I've discovered that I'm officially too stupid to read The Economist (2). What a relief. I've always struggled to embrace the strange world conjured up by posters such as this week's "Never get stuck in a lift with your boss".
It's a place full of anxious men in trilbies - all played by a young Jack Lemmon - calling each other by their initials and slithering around the greasy pole. (No homoeroticism intended.) It's vice-president by 38 and The Fall and Rise of Reginald Perrin. I can almost hear CJ saying: "I didn't get where I am today by not reading The Economist."
But, of course, this is all denial. One of these ads eluded me completely.
It features a rectangle of material sewn to the poster. Hugh, one of WCRS's younger thrusters, tells me with skilfully veiled pity that this apparent scrap of denim is, in fact, a purple patch. He also tells me he reads The Economist. I'm still not sure whether he should be promoted or hustled off the premises.
Another leg-up in life is offered by Dunhill (1). These are beautifully produced ads showing various bits of pricey, masculine paraphernalia attached to vintage motors. There is a whiff of leather, engine oil and fraud about them. References in the copy to "the sporting gentleman" fool no-one.
Dunhill is clearly intent on creating a new breed of uber-chav.
More naked ambition is on display in the new Budweiser (3) ad. Hard on the heels of Coke, another US institution is muscling in on our national game. As a West Ham supporter, I was very unhappy. Sorry, force of habit.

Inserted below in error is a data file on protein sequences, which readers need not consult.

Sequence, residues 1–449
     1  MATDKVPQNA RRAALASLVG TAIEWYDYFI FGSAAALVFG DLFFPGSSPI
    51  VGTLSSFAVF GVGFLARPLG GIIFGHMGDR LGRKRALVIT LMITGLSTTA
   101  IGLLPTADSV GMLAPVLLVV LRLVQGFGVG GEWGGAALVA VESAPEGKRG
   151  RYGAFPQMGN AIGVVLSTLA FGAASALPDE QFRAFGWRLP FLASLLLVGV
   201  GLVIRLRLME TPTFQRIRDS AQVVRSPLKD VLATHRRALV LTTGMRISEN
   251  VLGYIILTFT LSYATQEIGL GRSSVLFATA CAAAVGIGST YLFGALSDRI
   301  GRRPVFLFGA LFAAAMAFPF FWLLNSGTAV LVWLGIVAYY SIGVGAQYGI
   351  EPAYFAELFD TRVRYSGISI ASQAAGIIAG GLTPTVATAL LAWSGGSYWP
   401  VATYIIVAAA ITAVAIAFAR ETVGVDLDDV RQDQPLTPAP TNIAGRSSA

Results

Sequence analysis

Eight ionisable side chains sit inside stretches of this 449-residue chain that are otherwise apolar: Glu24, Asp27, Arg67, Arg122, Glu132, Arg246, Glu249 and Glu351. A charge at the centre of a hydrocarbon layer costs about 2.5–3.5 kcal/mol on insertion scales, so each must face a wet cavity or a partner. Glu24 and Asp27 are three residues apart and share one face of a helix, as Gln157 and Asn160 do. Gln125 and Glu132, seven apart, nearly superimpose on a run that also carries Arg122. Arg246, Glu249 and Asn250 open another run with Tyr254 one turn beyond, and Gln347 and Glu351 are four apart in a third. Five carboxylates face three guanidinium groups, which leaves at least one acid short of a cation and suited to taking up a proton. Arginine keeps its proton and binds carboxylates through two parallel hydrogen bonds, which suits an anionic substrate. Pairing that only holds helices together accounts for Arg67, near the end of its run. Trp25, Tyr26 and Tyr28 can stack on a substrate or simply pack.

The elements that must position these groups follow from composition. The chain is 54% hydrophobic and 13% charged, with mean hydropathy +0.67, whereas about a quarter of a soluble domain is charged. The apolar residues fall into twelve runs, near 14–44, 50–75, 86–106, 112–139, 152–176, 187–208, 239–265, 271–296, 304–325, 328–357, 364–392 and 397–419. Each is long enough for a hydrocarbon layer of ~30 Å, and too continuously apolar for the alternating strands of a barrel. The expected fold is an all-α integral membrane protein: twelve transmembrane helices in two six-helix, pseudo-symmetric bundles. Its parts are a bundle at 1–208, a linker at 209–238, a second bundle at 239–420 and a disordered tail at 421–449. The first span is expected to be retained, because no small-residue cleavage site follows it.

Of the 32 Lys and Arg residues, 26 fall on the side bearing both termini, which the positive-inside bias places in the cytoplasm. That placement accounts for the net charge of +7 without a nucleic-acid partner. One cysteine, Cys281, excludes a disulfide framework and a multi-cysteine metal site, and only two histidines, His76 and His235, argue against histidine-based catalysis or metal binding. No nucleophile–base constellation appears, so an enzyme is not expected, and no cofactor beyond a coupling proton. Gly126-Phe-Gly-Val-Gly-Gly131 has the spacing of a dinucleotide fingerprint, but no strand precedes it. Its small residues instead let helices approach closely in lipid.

That should have read, as a West Ham supporter I was very unhappy when Coke wormed its way into the football supporters' world with that ad a few years back about the blind Hammers fan. Coke, Superbowl? Yes. Coke, Upton Park? My arse. At least Budweiser has had the cunning to confront this by acknowledging the potential damage of Stateside meddling. It's insidious, despicable, blatant and, like the Coke campaign, rather good.
Everything else this week is pleasantly easy-going. We have the French chucking snowballs at each other in an Evian (5) ad, presumably to compensate for the lack of hostilities elsewhere.
We have the much-loved whimsy of the Xfm (4) breakfast boy, Christian O'Connell, on display in a spectacular A-to-Z of typefaces.
And we have a delightful invitation from Clarks (6) to laugh at ourselves, which only the churlish could refuse.
So there you have it: six different candidates, all with merit, offering a sweeping range of approaches. Now where haven't we heard that recently?
PLANNER - Simon Clemmow, planning partner, Clemmow Hornby Inge
One of the benefits of a brand having a big idea is that it doesn't always need excellent advertising. A genuinely big idea will sustain it through inevitable periods of lean budgets and less-than-great executions.
The Economist (2) is a good example - none of these posters is up there with, say, "'I never read The Economist.' Management trainee. Aged 42." But even if they serve to remind us of the highlights of this exceptional campaign, they will have done their job of giving the publication a badge value that, for example, puts it way ahead of Management Today and Harvard Business Review as adland's favourite business magazine.
Evian (5) has a big idea too - its Alpine provenance - which has made it the biggest-selling water around, despite never having had a decent ad as far as I can remember (with the exception of a simple poster showing a picture of the mountains with a headline saying "Welcome to our factory", or words to that effect). This TV execution almost undermines the big idea by presenting the Alps as one big, cheesy, shiny-happy-people snowball fight.